A new Harold Arlen -- the deep roots of jazz

June 30, 1996|By Richard Sudhalter | Richard Sudhalter,Special to the Sun

"Harold Arlen: Rhythm, Rainbows & Blues" by Edward Jablonski. Northeastern University Press. 490 pages. $29.95.

In 1961, historian Edward Jablonski won deserved acclaim for "Happy with the Blues," a balanced, informed biography of songwriter Harold Arlen. Subsequent discovery of a trove of Arlen letters, manuscripts, recordings, scrapbooks, photos and other memorabilia made a brand-new book essential and "Rhythm, Rainbows &Blues" is the result.

There's much to admire. New detail on Arlen's collaborations with lyricists Ted Koehler, Johnny Mercer, Ira Gershwin and E.Y. "Yip" Harburg, among others, should prove irresistible. With his usual insight, Jablonski widens his examinations of the great songs, often illuminating them with anecdotal material. Even his speculation on why the composer of "Over the Rainbow," "Blues in the Night," "Get Happy" and above all "Stormy Weather," remains relatively little known (compared to contemporaries Gershwin, Porter and Berlin) makes absorbing reading.

A problem here is Arlen's affinity for, and roots in, jazz. Arriving in New York in 1926 as a band pianist, he soon was drawn into hot music circles, taking likeable (if rather manic) vocals on records with Red Nichols, Benny Goodman and the violin-guitar duo of Joe Venuti and Eddie Lang. Many Arlen songs ("I've Got the World on a String" and "Between the Devil and the Deep Blue Sea" are typical) play like jazz solos.

Realizing, perhaps, that "Happy With the Blues" scanted jazz, Jablonski has now tried to adjust the balance - and stumbled badly. Ill at ease, seemingly unaware of recent scholarship, he serves up a warmed-over gumbo of misperception, half-truth and inaccuracy. He also seems to have accepted the popular, and erroneous, conflation of jazz as a black preserve, learned (or appropriated) by whites.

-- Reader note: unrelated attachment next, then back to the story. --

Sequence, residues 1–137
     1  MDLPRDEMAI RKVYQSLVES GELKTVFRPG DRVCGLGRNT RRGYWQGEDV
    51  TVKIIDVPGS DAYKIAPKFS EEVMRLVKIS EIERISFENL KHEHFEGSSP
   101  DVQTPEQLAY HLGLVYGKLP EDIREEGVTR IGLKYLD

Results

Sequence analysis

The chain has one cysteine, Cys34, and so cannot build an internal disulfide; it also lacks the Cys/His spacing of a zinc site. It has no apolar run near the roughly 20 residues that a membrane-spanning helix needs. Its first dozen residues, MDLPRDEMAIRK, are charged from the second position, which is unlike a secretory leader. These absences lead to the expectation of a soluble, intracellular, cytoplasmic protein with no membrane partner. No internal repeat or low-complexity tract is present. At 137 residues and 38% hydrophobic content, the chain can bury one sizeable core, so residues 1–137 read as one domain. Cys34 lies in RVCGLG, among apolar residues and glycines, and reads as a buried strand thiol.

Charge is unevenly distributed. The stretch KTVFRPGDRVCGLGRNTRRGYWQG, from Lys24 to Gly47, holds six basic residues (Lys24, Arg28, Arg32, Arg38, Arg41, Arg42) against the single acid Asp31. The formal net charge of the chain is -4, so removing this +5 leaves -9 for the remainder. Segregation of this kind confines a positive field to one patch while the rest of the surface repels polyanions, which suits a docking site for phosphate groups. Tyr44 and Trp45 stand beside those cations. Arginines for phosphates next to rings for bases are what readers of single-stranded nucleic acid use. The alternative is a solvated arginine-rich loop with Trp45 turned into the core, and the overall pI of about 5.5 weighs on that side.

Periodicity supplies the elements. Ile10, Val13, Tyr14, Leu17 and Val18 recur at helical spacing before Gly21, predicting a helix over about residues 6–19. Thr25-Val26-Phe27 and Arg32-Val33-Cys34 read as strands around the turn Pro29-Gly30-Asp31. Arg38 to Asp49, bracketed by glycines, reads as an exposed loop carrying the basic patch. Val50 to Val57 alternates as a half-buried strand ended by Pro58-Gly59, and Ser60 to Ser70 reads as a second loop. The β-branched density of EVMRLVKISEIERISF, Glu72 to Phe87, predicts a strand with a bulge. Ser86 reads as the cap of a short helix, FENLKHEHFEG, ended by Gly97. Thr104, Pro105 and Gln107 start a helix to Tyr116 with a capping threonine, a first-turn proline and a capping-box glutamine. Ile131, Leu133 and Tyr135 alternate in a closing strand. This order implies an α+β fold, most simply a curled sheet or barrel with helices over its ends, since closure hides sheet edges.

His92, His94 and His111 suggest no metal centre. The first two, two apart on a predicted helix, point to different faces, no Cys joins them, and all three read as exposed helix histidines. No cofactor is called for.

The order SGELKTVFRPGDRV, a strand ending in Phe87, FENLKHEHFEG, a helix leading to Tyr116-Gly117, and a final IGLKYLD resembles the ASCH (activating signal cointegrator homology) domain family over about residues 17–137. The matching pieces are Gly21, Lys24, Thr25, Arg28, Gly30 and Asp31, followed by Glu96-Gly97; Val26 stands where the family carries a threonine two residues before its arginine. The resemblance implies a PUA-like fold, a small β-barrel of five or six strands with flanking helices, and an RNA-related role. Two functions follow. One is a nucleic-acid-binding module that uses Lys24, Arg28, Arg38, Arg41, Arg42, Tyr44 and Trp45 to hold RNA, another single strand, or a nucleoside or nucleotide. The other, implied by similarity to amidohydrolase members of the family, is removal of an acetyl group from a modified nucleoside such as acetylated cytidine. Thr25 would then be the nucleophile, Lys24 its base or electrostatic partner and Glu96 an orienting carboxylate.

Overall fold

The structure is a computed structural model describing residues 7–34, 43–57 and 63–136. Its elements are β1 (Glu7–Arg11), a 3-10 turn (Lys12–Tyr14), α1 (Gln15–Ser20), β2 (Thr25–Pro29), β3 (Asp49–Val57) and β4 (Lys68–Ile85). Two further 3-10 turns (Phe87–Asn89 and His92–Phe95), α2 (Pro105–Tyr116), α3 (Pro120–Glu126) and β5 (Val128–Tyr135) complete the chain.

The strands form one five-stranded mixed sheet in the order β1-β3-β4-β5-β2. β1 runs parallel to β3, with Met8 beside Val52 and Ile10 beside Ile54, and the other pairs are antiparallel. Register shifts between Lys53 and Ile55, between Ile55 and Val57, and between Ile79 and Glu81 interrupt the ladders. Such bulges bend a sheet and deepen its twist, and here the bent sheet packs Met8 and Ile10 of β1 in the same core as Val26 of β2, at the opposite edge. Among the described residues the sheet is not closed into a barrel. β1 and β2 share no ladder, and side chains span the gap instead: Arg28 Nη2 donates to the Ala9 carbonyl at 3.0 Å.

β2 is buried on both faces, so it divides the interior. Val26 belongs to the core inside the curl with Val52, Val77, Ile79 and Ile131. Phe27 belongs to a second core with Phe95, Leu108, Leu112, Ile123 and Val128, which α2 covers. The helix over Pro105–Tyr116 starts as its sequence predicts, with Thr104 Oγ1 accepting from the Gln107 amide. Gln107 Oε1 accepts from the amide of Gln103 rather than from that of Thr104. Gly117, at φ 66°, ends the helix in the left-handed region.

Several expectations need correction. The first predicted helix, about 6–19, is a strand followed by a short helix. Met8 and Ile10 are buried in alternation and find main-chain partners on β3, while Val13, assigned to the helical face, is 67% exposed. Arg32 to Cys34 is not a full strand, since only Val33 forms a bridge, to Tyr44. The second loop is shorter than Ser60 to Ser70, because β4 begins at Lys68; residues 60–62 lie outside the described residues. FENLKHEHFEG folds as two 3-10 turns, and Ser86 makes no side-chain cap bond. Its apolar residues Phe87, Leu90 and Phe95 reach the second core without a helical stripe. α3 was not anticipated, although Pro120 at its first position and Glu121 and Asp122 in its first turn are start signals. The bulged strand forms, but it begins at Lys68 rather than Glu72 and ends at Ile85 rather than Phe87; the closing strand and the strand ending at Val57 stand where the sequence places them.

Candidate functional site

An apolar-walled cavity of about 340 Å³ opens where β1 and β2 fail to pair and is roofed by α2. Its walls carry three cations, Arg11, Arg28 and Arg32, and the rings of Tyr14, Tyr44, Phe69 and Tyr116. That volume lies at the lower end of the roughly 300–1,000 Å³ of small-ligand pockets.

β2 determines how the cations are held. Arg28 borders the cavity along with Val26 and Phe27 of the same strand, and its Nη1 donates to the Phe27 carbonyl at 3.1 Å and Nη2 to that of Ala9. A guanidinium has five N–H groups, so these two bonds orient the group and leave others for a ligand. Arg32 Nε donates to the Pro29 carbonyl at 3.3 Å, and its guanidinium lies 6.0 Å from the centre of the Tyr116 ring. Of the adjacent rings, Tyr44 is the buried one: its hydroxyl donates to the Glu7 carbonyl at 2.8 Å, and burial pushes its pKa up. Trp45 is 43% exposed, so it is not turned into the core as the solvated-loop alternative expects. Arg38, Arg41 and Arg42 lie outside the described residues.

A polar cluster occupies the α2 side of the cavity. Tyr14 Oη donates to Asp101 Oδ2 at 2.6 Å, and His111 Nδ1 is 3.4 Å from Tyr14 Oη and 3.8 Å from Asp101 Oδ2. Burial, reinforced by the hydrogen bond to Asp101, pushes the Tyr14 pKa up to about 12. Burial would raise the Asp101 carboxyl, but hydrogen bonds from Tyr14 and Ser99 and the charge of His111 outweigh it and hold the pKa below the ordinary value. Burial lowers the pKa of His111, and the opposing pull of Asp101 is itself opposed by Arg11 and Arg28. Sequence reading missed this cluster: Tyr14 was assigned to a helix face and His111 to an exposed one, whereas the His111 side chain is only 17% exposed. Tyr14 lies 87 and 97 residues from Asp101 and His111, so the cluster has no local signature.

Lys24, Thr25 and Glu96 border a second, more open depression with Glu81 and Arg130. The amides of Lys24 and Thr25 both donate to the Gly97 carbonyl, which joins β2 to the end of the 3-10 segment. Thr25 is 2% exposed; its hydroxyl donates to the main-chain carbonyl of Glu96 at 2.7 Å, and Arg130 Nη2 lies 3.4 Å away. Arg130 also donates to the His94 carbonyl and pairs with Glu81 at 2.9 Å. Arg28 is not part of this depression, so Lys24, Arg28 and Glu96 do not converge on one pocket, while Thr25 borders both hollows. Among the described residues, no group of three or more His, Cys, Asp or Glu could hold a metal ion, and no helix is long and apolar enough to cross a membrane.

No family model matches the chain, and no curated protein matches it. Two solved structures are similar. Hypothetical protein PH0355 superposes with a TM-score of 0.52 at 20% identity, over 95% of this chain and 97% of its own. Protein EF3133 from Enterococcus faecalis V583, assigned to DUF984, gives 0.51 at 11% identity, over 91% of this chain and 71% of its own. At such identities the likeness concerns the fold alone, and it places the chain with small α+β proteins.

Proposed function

He assures us, for example, that two elderly Arlen heroes, Frank Signorelli and Arthur Schutt, "were not jazz or blues pianists in the mold of Jelly Roll Morton or Jimmy Yancey." Of course they weren't, any more than orange is green. But the obloquy is both clear and unjust. Able musicians both, Schutt and Signorelli belonged to an elite circle of New York-based jazzmen, who made some of the most inventive and forward-looking records of the 1920s.

Other references to groups and individuals betray lapses of perspective and evaluation. White arrangers, Jablonski asserts, followed the work of black bands "and borrowed from them freely." The reality, carefully documented (and obvious from countless records) is that traffic was always two-way, black and white musicians listening to and emulating each other's methods.

A fascinating point Jablonski misses entirely concerns the genesis of the "Stormy Weather" melody. Its familiar opening phrase opens a solo by Jack Teagarden on a blues, "That's a Serious Thing," recorded in 1929, four years before "Stormy Weather's" debut in a Cotton Club show. Arlen, hanging out regularly with jazzmen, must have heard the trombonist play it.

A glance at the author's notes reveals that his two chief jazz history sources are the highly romanticized "Jazzmen," (Ramsey and Smith, 1939) and "Shining Trumpets" (Rudi Blesh, 1946) both long since superseded by clear-eyed documentation. But why consult two books written half a century ago for information that is now a major, still-evolving area of musical inquiry? Residual musical snobbery? A hyperactive sense of social or racial justice?

Whatever its causes, the failure of "Rhythm, Rainbows & Blues," to deal responsibly with jazz is a damaging flaw in Edward Jablonski's exploration of, hence a reader's understanding of, Harold Arlen's unique musical stature.

Richard M. Sudhalter has been heard as trumpet soloist on recordings, concerts and soundtracks. He has written for magazines, newspapers and radio. His "Lost Chords" will be published by Oxford University Press this year.

` Pub date: 06/30/96

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